Drew on Yellow Fever
A ray of sunshine casts itself over my wood, slatted floor. I sit up in my creaky bed, realizing the snow must have stopped. Outside my front door a silent world stands frozen in winter. But the storm of yesterday has lost its gusto, only whispy clouds over the desert east to remind the land how it was smothered in icy white crystals. The mountains stand out sharp against deep blue skies, north faces webbed with runnels and dark, black stone. I fire up the espresso maker and dial up my friend Drew. "Hey man, it's too nice. I can't go to work today." His voice is sleepy, but he too wants to climb through this wonderland of seasons. Soon, we slip around icy roads, craning our necks to catch a glimpse of high south facing slopes. In the canyon depths the dark cold of winter builds, but higher in the sun, the rocks stand their ground. We see a route shining in warmth above the iron gray Wenatchee River. Not even a water streak on it's steep flanks. We scamper over verglass covered granite eggs, kick dirt up a sandy gully, and then finally traverse into the sun and over to an exposed belay perch under our chosen route. "It's called Yellow Fever," I say. "It looks bouldery," says Drew. I shove off the belay, clipping bolts and stabbing at crimps. The 5.12 moves don't lend well to easing in to the day, so I ease off the rock, falling through steep air. We each warm ourselves with sequencing before redpointing the route. Already, the sun dips behind Icicle Ridge and our day is done. Short, but sweet, I'm thankful for any dry move this time of year. We coil the rope and stuff our packs with harnesses and draws. A tough cold slowly reels the hillside in. We slide down the stiff gravely slope, laughing at our fortune. The final hurrah of the rock season perhaps? I look higher on the hill where the sun still shines. I don't think so.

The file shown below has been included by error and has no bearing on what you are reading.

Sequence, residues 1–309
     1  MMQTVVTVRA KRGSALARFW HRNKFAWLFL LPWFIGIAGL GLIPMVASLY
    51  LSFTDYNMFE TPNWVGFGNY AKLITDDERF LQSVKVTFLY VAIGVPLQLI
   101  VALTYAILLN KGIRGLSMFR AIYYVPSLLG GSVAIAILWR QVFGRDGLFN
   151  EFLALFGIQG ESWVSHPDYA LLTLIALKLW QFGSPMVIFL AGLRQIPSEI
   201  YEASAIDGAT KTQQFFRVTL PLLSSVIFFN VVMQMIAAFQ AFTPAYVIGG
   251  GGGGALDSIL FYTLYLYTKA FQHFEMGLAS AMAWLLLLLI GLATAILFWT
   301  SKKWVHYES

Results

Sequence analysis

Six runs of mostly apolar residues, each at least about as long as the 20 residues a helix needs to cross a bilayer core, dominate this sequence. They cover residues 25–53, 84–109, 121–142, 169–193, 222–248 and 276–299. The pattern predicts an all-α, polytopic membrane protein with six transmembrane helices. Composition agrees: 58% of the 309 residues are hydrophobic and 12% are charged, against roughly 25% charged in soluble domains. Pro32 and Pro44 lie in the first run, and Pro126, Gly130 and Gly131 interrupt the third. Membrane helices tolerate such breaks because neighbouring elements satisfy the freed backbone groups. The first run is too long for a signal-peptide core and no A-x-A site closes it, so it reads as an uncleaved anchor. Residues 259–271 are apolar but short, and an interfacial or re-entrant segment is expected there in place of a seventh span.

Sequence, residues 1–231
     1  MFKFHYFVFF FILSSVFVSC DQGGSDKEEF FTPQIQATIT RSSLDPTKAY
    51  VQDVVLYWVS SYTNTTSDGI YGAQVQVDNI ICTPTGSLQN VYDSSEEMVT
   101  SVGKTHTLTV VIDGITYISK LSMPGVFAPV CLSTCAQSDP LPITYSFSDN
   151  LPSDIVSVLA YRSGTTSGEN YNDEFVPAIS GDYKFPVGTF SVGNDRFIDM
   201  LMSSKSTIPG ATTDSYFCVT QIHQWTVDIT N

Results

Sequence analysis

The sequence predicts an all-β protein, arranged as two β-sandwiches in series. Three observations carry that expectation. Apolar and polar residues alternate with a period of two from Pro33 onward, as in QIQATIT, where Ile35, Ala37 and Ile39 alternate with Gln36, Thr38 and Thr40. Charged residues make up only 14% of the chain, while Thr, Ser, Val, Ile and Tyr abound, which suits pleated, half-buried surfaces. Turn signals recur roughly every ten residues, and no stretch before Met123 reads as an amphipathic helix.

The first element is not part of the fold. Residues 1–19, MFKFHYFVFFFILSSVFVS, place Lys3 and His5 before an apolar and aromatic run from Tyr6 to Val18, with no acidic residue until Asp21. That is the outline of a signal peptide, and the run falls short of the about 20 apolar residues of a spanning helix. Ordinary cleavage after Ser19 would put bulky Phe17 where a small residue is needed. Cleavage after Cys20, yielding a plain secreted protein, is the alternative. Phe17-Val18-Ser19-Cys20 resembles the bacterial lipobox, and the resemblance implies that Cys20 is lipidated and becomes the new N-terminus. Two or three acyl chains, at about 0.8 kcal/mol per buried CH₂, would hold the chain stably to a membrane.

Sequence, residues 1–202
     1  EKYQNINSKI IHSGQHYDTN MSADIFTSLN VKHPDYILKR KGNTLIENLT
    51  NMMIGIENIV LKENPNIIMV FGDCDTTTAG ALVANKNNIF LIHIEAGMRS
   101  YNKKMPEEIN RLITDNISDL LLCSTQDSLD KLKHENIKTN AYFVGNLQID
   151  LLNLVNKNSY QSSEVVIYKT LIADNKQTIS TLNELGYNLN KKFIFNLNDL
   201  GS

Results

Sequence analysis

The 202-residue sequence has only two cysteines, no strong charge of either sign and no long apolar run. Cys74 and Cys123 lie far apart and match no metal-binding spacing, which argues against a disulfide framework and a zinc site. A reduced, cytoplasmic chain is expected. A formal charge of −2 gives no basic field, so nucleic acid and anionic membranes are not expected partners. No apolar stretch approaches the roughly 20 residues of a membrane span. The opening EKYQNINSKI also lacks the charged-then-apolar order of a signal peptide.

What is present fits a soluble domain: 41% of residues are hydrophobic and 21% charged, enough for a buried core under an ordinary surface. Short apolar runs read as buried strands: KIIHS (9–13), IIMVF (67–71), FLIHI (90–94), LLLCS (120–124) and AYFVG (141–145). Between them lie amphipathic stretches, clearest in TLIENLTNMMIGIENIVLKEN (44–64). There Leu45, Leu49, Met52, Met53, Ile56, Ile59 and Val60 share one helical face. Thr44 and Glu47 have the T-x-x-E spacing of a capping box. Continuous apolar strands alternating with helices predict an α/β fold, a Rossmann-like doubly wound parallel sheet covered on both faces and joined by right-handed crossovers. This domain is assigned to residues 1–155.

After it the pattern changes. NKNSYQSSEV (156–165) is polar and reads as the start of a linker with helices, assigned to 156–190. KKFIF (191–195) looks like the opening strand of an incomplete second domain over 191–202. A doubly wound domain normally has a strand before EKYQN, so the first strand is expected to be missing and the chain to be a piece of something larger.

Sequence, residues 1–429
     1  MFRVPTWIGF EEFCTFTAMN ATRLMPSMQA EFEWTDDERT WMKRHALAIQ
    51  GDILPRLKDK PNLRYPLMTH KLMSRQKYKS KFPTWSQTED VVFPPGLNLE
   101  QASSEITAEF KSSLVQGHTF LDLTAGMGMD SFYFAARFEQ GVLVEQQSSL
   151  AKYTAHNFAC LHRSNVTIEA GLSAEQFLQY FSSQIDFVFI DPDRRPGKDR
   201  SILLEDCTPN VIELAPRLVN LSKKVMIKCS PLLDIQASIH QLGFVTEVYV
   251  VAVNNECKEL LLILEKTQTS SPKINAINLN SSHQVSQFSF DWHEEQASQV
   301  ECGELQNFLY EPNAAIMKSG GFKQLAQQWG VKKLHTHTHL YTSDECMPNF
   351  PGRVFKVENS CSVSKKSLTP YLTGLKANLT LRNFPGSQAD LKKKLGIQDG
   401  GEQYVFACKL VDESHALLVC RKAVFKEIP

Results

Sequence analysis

A clash of seasons: November in L-town